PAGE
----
Morse


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Related to Morse: Samuel Morse

Morse

 (môrs), Samuel Finley Breese 1791-1872.
American painter and inventor. A portraitist whose subjects included Lafayette, he refined (1838) and patented (1840) the telegraph and developed the telegraphic code that bears his name.

morse

(mɔːs)
n
(Clothing & Fashion) a clasp or fastening on a cope
[C15: from Old French mors, from Latin morsus clasp, bite, from mordēre to bite]

Morse

(mɔːs)
n
(Biography) Samuel Finley Breese (ˈfɪnlɪ briːz). 1791–1872, US inventor and painter. He invented the first electric telegraph and the Morse code

Morse

(mɔrs)

n.
1. Samuel F(inley) B(reese), 1791–1872, U.S. artist and developer of the telegraph.
ThesaurusAntonymsRelated WordsSynonymsLegend:
Noun1.Morse - a telegraph code in which letters and numbers are represented by strings of dots and dashes (short and long signals)Morse - a telegraph code in which letters and numbers are represented by strings of dots and dashes (short and long signals)
code - a coding system used for transmitting messages requiring brevity or secrecy
dit, dot - the shorter of the two telegraphic signals used in Morse code
dah, dash - the longer of the two telegraphic signals used in Morse code
2.Morse - United States portrait painter who patented the telegraph and developed the Morse code (1791-1872)Morse - United States portrait painter who patented the telegraph and developed the Morse code (1791-1872)
Translations
morseovka
morsemorsealfabet
morze
morsstafróf
Morzės abėcėlė
Morzes ābece
morzeovka

Morse

[mɔːs]
A. Nmorse m
B. CPD Morse code Nalfabeto m Morse

Morse

[ˈmɔːrs] n (also Morse code) → morse m

morse

n (also Morse code)Morsezeichen pl, → Morseschrift f; do you know morse or (the) Morse code?können Sie morsen?

Morse

[mɔːs] n (also Morse code) → alfabeto Morse

Morse

(moːs) noun
a code for signalling and telegraphy in which each letter is made up of dots and dashes, or short and long sounds or flashes of light.
References in classic literature ?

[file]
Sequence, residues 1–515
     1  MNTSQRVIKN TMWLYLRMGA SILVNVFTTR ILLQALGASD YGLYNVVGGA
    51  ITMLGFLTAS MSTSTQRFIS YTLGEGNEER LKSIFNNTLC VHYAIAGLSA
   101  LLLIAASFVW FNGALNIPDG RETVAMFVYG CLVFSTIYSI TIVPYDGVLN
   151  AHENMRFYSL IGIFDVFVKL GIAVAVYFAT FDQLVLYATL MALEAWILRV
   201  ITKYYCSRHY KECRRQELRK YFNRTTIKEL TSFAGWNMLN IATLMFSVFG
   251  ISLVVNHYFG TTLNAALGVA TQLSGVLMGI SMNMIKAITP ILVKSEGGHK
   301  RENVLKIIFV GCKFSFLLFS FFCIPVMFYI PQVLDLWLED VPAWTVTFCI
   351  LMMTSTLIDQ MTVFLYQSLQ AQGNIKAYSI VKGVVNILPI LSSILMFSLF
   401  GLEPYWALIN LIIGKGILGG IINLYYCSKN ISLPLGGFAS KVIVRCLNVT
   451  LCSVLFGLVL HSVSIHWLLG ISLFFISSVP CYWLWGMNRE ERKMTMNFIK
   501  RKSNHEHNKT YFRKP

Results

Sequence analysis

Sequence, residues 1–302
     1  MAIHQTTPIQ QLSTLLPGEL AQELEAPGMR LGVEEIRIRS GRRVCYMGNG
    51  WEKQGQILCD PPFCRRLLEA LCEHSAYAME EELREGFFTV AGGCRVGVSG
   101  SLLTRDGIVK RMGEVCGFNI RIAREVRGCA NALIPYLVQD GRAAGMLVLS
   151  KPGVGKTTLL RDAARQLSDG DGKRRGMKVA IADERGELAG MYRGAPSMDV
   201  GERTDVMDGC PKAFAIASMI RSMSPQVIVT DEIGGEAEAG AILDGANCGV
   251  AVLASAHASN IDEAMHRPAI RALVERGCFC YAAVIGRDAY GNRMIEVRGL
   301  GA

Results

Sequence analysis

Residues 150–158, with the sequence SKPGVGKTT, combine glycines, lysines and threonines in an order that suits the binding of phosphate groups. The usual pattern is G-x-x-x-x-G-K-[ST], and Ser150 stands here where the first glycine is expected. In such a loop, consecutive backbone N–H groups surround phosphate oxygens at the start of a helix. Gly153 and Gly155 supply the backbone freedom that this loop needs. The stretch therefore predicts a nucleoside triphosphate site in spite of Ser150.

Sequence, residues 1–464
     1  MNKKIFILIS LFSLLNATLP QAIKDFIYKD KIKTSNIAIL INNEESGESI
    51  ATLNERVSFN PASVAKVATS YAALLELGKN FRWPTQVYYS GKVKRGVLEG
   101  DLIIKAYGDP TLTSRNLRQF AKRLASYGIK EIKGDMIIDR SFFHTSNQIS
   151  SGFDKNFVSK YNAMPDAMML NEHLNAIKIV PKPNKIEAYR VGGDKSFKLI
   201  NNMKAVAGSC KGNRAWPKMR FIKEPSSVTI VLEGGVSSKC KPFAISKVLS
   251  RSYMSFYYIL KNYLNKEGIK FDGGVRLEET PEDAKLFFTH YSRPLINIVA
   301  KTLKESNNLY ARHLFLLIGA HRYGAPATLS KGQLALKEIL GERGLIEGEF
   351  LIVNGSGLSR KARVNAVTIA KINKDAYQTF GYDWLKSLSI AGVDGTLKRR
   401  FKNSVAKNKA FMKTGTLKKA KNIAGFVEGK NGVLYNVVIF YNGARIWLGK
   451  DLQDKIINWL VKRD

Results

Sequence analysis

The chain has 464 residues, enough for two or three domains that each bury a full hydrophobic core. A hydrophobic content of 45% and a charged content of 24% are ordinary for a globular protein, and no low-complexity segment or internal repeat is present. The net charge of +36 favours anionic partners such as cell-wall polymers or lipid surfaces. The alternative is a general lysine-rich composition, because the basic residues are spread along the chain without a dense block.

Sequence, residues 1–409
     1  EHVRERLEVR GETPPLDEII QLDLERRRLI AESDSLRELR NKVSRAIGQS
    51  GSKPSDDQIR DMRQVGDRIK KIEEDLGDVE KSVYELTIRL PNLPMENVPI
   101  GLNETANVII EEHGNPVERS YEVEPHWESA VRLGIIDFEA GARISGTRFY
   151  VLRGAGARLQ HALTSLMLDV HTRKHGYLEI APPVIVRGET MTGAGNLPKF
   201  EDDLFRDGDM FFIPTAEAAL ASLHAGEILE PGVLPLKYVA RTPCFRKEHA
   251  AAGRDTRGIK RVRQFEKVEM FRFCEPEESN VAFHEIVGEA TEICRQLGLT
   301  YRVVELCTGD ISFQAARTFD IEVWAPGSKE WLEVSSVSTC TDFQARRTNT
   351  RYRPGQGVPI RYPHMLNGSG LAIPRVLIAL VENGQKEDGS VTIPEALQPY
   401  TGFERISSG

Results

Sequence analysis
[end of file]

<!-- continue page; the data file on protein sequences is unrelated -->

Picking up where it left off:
In reality he was much in earnest and sometimes suffered prolonged periods of re- morse because he could not go crying the word of God in the highways and byways of the town.
3] The Cerographic Atlas of the United States (1842-1845), by Sidney Edwards Morse (1794-1871), son of the geographer, Jedidiah Morse, and brother of the painter-inventor, Samuel F.
With the spirit of prophecy upon me, I could look into the future and see her erect statues and monuments to her unspeakable Georges and other royal and noble clothes-horses, and leave unhonored the creators of this world -- after God -- Gutenburg, Watt, Arkwright, Whitney, Morse, Stephenson, Bell.
Here was a gorgeous triumph; they were missed; they were mourned; hearts were breaking on their account; tears were being shed; accusing memories of unkindness to these poor lost lads were rising up, and unavailing regrets and re- morse were being indulged; and best of all, the depart- ed were the talk of the whole town, and the envy of all the boys, as far as this dazzling notoriety was con- cerned.
The morse bore a seraph's head in gold-thread raised work.
And he grappled with this new mystery of electricity, as Henry had advised him to do, encouraging himself with the fact that Morse, who was only a painter, had mastered his electrical difficulties, and there was no reason why a professor of acoustics should not do as much.
He signed to her to move to the Morse as a general brings brigades into action.
It was at the shop of Morse Hudson, who has a place for the sale of pictures and statues in the Kennington Road.
In Kennington Road, and within a few hundred yards of Morse Hudson's shop, there lives a well-known medical practitioner, named Dr.
I tried to recall something of the Morse Code, with which I had played as a little boy--but time had obliterated it from my memory.
I am Miss Morse," she replied,--"Miss Penelope Morse.
He beat Morse at billiards, and that's something to brag of, for Morse thinks he knows everything.